Why action-packed Rotorua should be your next family holiday


Checking out the canopy walk in the Redwoods forest from swing bridges suspended in the trees is a magical experience.

There are few places one can land a plane on a lake, creep through treetop canopies, dangle feet in geothermal waters and explore the pockmarked landscape left by an enormous explosion. Welcome to Rotorua.

Words: Jim Kayes

I’ll admit my heart was pumping when she posed the question, “Are you a courageous man?” I was perched on the edge of a platform 22 metres in the air, wondering how far I’d go to prove my mettle to my two daredevil daughters standing alongside me. “Yeah, I reckon so.”

Dead-keen to demonstrate my nerve, I did as advised – spread my arms wide and dropped backwards. The adrenaline was spectacular as a zipline whirled me, at break-every-bone-in-my-body speed, through stands of ancient native forest.

Playtime on Lake Rotoiti aboard a 53-foot French-built catamaran, Tiua, operated by Pure Cruises.

Canopy Tours is a 1.2km flying-fox adventure on the outskirts of Rotorua; measured by fear factor, it was, by a significant margin, the highlight of three crazy days my teenage daughters and I spent in the sulphur city.

With six ziplines and swing bridges, it was thrilling rather than scary, and with conservation lessons tossed in, educational too. The guided odyssey through the trees took three hours; even so, the girls wanted to press ‘repeat’ as soon as they’d finished.

Rotorua has many faces. It can be a sedate, touristy trip through geysers, mud baths and hot pools – and a beguiling introduction to Maori history. While we dipped our toes in that, my daughters needed a thrill to be entertained.

Mountain biking in The Redwoods forest can ignite competition even between family members.

And I followed in their fearless footsteps.

So show me the plastic sled with a steering handle that doubles as the brake, and let me careen down the side of Mt Ngongotaha. My sister lives in Rotorua and when we visit, it’s ‘game on’ at the luge. There’s no better feeling for a man past his athletic prime than the joy of beating his kids, nephews and nieces down the track.

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When you’re bunted sideways by an 11-year-old with a smile as wide as the mountain yelling, “See you at the bottom old man”, the competitive juices kick in.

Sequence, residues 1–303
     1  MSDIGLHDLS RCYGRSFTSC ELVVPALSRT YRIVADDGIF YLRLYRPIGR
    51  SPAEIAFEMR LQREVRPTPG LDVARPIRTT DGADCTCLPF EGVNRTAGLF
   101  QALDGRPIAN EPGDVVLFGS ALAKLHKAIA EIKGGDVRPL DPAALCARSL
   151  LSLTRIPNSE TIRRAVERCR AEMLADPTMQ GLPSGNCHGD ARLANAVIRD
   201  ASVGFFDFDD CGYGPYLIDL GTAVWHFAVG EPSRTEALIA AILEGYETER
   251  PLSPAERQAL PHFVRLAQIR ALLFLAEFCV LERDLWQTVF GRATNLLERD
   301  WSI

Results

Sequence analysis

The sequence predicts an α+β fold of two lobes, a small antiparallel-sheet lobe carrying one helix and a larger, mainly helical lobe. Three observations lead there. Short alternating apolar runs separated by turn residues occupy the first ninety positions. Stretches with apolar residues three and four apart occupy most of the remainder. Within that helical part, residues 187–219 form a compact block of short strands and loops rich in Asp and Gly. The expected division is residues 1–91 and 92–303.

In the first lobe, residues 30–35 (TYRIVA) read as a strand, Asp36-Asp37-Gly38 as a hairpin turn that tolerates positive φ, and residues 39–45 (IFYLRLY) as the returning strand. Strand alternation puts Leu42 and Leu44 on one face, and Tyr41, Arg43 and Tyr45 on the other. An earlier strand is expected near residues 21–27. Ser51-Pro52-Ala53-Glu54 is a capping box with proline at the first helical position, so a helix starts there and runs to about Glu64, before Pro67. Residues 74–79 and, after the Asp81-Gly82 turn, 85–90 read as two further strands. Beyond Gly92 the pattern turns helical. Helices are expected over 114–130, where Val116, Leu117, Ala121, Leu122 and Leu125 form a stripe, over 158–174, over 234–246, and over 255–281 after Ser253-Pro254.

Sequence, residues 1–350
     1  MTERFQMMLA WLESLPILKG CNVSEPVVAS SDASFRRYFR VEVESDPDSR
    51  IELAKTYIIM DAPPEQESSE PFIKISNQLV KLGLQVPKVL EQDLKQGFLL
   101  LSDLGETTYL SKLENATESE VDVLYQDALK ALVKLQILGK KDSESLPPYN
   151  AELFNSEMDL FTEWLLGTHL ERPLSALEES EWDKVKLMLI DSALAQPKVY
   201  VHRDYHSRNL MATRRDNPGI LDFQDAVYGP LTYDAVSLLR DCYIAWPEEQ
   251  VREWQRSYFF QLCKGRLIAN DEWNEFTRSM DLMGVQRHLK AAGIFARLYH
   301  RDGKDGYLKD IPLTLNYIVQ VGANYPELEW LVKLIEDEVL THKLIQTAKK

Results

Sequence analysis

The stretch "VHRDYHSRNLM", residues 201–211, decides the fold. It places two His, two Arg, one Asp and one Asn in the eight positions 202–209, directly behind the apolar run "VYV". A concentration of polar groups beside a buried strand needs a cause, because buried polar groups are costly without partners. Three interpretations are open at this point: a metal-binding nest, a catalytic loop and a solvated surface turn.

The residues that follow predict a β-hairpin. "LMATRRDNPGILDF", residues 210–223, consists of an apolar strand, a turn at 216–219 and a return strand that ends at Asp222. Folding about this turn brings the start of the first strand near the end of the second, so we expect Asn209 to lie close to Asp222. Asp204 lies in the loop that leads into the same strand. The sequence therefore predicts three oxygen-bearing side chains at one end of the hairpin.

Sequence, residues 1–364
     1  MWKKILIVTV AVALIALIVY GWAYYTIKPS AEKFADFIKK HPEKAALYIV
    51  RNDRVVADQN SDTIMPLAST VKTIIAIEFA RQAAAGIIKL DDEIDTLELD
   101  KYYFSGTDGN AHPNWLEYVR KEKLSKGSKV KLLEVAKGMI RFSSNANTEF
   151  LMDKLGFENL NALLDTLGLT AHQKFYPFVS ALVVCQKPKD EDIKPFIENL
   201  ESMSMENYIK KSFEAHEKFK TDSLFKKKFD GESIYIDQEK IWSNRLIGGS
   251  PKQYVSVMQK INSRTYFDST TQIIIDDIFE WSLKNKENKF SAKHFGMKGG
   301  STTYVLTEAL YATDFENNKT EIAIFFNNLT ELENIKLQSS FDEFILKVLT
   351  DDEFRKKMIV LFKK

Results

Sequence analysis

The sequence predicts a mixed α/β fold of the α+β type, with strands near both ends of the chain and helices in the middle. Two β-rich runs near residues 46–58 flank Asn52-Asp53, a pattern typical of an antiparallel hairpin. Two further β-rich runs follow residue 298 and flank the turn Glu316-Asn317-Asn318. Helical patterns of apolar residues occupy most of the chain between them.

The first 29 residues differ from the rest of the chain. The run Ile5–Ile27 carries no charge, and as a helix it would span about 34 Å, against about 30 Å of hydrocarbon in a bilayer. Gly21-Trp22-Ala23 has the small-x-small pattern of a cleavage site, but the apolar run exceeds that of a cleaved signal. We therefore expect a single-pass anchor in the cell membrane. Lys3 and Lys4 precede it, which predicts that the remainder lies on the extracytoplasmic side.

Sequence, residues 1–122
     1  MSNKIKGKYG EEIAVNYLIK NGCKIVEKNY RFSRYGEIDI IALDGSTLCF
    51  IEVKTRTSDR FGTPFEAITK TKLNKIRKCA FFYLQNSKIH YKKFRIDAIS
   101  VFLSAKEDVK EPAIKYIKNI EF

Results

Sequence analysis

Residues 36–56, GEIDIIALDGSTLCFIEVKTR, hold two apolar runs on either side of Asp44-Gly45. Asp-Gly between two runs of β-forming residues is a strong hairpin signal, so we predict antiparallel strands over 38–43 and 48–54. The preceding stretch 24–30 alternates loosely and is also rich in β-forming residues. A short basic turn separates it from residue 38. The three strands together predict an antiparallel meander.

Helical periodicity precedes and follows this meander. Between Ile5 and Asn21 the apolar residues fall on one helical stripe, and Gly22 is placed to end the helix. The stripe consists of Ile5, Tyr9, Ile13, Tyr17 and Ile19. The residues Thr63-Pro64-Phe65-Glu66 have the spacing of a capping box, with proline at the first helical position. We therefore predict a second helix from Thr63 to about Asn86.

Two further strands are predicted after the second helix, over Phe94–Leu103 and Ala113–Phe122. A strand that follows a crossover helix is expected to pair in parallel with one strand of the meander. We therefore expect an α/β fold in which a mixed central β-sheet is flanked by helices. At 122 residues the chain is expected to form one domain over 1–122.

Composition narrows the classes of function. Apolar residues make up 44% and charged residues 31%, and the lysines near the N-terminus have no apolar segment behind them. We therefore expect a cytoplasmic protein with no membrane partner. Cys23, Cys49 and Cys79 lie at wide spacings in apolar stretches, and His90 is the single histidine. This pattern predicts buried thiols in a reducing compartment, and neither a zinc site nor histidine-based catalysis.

At the mountain bike park in The Redwoods Whakarewarewa Forest, there are trails for all abilities but introducing the girls to the sport gave me the perfect excuse to opt for the beginners’ paths.

Ride the rapids or hop in a kayak for a glowworm experience with River Rats.

Over on the city side of The Redwoods, giant wooden lanterns by designer David Trubridge hang in the branches above a series of swing bridges in a tree-top walkway.

In the daytime, this gentle adventure appealed to the girls – the oldest explored her passion for photography while the youngest delighted in making the bridges bounce. At night, with the lanterns aglow, the tree-scape turns into a magical wonderland.

The next morning, war broke out and I was the enemy.

Wooden lanterns by designer David Trubridge.

I received a glare from my eldest that would boil mud as I climbed on board a scenic flight – there was no room for them in the tiny aircraft, so I waved goodbye as the Volcanic Air seaplane disappeared into the drifting clouds above the lake.

George, a pilot with a wolfish grin, pointed the floatplane towards Orakei Korako on the banks of the Waikato, a secluded geothermal valley of bubbling mud, gurgling geysers and silica terraces.

Afterwards, a relaxing soak and massage at the Polynesian Spa was way too short (for me anyway) and it wasn’t long before this all-action family were piling into the ute for a trip to the River Rats base.